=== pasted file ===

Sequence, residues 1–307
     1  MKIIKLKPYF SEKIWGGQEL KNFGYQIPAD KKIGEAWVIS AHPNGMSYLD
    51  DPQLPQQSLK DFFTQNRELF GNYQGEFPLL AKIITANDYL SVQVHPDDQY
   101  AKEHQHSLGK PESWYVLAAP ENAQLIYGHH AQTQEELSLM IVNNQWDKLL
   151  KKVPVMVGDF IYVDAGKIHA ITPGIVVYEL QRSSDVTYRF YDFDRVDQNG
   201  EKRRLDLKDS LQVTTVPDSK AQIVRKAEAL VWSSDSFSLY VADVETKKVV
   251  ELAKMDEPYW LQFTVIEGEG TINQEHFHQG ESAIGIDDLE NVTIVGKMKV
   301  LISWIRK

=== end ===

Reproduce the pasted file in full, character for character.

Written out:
Sequence, residues 1–307
     1  MKIIKLKPYF SEKIWGGQEL KNFGYQIPAD KKIGEAWVIS AHPNGMSYLD
    51  DPQLPQQSLK DFFTQNRELF GNYQGEFPLL AKIITANDYL SVQVHPDDQY
   101  AKEHQHSLGK PESWYVLAAP ENAQLIYGHH AQTQEELSLM IVNNQWDKLL
   151  KKVPVMVGDF IYVDAGKIHA ITPGIVVYEL QRSSDVTYRF YDFDRVDQNG
   201  EKRRLDLKDS LQVTTVPDSK AQIVRKAEAL VWSSDSFSLY VADVETKKVV
   251  ELAKMDEPYW LQFTVIEGEG TINQEHFHQG ESAIGIDDLE NVTIVGKMKV
   301  LISWIRK